Six teenage friends take one last summer trip and camp at beautiful Big Sur, CA. After a night of partying, they uncover a horrific truth that will destroy their friendships forever. This is Carlos Azucena and Wayne Winterstein’s The Last Trip.
The Last Trip is mellow, calm, and nice. But for this type of movie that is the wrong combination. It’s sweet when it should be rude, and rude when it should be sweet. The result is a movie that doesn’t know what it wants to say. Does it want to be funny? Does it want to be sexy? Does it want to be touching? We are never really sure what points is it attempting to make about people in their late teens during a time in their lives when they are too old to be children, and too young to be adults. It’s a coming-of-age picture that tries to be both shocking and dramatic, but ever so often its better nature takes over, and it throws in sweetness and calm right in the middle of a confrontation. Just when we think the film is building up to an explosion of some sort, it pulls back and ends up feeling anticlimactic. Despite a deadly serious final few minutes we feel a little lost watching it because, in the end, nothing seems to lead to anything.
The plot of The Last Trip is the standard road trip movie fare, friends get together, jump in a car that is far too small for all of them, and travel across the country. They get involved in a few scrapes and incidents, fall for each other, try to sleep with each other, and ultimately fall out with each other. The actors play stock characters that we have seen before in other teen movies. There is the good girl, the jock, the nerd, the slut, and variants of the type. Interestingly The Last Trip also has its own version of American Pie’s Stifler in Thomas played by Jonathan Sterritt, but in one of its cleverer twists, this Stifler becomes much less endearing and the catalyst for the final eruption.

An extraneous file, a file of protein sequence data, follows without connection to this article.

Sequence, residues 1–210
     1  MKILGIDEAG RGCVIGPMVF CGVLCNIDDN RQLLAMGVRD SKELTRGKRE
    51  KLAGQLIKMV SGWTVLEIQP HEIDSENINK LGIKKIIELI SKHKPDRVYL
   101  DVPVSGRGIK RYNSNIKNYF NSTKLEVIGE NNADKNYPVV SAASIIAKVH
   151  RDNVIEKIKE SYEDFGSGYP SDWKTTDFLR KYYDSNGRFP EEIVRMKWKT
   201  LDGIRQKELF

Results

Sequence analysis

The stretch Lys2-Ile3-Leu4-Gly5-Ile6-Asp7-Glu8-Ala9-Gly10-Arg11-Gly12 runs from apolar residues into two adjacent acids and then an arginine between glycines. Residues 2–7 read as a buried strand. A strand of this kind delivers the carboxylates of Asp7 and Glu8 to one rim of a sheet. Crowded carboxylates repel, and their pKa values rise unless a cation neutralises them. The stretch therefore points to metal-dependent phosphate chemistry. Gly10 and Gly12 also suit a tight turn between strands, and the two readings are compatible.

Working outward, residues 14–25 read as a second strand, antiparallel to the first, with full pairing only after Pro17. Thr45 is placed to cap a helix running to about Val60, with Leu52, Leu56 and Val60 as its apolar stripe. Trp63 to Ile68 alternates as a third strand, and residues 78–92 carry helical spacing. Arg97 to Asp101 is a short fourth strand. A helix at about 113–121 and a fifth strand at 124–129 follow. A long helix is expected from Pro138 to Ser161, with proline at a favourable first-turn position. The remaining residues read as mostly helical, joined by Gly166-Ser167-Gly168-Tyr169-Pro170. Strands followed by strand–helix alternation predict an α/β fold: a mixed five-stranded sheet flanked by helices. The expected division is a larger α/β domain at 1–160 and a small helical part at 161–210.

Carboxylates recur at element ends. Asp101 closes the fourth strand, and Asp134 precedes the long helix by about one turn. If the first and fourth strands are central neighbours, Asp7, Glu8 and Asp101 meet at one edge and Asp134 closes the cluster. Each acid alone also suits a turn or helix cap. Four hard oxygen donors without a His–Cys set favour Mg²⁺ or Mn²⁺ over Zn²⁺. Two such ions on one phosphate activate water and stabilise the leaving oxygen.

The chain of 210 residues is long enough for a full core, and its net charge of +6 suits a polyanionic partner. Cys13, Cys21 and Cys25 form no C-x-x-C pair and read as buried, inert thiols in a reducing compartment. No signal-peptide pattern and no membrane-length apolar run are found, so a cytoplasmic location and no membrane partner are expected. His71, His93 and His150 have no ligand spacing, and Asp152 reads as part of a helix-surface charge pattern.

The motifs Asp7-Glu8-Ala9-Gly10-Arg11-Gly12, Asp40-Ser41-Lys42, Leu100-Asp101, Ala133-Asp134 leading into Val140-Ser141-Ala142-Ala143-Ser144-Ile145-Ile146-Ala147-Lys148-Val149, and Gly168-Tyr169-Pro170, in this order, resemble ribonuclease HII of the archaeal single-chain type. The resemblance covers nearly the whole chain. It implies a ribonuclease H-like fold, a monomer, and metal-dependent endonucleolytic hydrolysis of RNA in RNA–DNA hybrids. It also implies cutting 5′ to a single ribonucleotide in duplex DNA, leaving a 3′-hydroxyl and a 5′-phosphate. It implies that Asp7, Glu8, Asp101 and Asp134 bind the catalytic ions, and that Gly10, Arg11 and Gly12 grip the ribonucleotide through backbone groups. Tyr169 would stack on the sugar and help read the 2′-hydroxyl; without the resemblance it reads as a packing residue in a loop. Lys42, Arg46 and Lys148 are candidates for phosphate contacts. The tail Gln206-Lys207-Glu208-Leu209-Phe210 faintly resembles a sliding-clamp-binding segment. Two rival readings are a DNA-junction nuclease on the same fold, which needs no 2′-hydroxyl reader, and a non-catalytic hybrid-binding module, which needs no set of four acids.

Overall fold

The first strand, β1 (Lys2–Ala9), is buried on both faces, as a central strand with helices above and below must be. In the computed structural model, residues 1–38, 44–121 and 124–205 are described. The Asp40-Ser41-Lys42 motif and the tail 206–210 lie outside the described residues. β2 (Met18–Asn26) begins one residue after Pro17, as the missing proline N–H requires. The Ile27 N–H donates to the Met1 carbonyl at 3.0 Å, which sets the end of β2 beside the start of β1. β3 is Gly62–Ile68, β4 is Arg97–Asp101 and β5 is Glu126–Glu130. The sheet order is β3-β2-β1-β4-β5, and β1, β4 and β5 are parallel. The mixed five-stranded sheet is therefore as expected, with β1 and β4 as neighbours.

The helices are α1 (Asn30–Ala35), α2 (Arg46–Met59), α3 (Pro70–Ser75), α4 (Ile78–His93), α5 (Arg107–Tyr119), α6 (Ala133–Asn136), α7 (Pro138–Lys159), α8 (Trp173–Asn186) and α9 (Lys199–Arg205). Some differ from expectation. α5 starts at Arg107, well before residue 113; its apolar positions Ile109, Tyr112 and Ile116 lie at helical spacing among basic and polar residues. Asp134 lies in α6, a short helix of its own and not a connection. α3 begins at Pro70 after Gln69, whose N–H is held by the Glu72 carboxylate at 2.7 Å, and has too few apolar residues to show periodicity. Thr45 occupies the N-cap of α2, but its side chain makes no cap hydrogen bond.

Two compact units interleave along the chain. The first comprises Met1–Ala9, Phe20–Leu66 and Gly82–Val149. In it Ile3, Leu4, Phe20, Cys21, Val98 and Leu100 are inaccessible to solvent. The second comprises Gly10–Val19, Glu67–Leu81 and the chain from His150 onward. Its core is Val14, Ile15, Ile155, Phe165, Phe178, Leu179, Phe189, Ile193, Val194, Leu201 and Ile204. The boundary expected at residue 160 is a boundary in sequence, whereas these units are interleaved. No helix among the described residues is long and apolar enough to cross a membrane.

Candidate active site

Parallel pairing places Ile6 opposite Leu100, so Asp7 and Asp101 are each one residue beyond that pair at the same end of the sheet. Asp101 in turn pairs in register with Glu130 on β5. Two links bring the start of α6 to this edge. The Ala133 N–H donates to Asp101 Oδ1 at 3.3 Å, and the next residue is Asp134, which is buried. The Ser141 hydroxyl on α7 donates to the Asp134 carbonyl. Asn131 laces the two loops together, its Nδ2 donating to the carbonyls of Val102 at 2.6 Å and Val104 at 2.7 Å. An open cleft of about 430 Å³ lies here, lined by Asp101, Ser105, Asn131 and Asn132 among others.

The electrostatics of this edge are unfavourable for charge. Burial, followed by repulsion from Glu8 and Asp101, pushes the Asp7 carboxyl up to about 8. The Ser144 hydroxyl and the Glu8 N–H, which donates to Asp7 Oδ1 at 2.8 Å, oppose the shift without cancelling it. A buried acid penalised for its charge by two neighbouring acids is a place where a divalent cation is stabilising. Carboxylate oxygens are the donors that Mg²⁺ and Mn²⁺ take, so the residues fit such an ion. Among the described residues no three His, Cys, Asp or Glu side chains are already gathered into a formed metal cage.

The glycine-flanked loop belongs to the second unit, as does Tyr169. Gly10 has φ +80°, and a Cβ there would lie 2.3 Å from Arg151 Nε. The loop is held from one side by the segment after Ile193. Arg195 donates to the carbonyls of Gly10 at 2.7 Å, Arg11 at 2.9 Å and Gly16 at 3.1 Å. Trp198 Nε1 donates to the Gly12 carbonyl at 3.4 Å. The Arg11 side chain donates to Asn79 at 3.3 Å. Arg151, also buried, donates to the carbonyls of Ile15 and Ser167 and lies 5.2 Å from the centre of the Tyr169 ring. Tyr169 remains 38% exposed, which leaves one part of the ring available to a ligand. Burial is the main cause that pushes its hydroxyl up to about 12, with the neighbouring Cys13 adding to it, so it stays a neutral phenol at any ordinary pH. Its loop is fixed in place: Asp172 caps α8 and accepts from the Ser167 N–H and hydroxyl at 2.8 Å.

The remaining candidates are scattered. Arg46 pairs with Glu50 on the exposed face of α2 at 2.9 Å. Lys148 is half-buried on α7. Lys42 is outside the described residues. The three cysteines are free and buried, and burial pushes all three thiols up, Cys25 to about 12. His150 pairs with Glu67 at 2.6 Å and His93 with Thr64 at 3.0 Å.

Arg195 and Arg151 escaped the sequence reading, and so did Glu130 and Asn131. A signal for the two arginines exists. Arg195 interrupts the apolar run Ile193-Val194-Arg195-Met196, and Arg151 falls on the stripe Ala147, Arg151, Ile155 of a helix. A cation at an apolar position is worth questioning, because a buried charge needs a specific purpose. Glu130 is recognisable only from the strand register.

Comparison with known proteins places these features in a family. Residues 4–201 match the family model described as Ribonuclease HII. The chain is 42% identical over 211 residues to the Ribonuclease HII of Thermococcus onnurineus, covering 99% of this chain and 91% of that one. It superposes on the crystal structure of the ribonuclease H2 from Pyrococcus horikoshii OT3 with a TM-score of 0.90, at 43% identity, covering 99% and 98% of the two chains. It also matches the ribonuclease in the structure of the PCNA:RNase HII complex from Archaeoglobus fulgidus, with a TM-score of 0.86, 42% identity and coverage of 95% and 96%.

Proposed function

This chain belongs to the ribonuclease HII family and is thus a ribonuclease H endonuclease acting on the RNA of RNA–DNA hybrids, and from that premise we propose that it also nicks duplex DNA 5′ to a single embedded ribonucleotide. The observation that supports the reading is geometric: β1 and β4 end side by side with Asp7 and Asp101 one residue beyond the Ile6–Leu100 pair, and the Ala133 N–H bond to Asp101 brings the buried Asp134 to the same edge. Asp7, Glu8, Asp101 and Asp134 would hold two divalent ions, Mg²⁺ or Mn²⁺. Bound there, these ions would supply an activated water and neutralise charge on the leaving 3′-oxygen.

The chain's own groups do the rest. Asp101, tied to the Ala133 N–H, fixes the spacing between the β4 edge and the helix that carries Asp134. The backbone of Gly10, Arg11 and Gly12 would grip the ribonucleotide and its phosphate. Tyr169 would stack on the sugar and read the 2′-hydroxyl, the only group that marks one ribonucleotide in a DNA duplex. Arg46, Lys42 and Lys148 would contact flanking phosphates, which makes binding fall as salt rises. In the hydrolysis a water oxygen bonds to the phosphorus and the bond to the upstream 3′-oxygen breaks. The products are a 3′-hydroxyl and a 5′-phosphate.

What does stand out with The Last Trip is the way it begins all bright and shiny, giving us no idea of the change that is coming. In the opening scenes, the direction from Azucena and Winterstein is full of energy and excitement. There is some clever use of split screens as the actors speak on the phone, and the editing is quick and tight as we are introduced to each of the characters we are going to be spending the next 75 minutes with. The traveling shots from within and outside of the vehicles have a hand-held improvisational feel about them. There is a lot of use of montage in the opening 20 minutes and some of these scenes do go on for far too long, but it does give the film some scope and the scenery is gorgeous.
The Last Trip suffers from a lack of dramatic events and an inability to push the envelope, but the film builds to a far more serious conclusion than any of the teen movies it borrows from. This attempt to create a much darker coming-of-age tale is worth praising Azuncena and Winterstein for.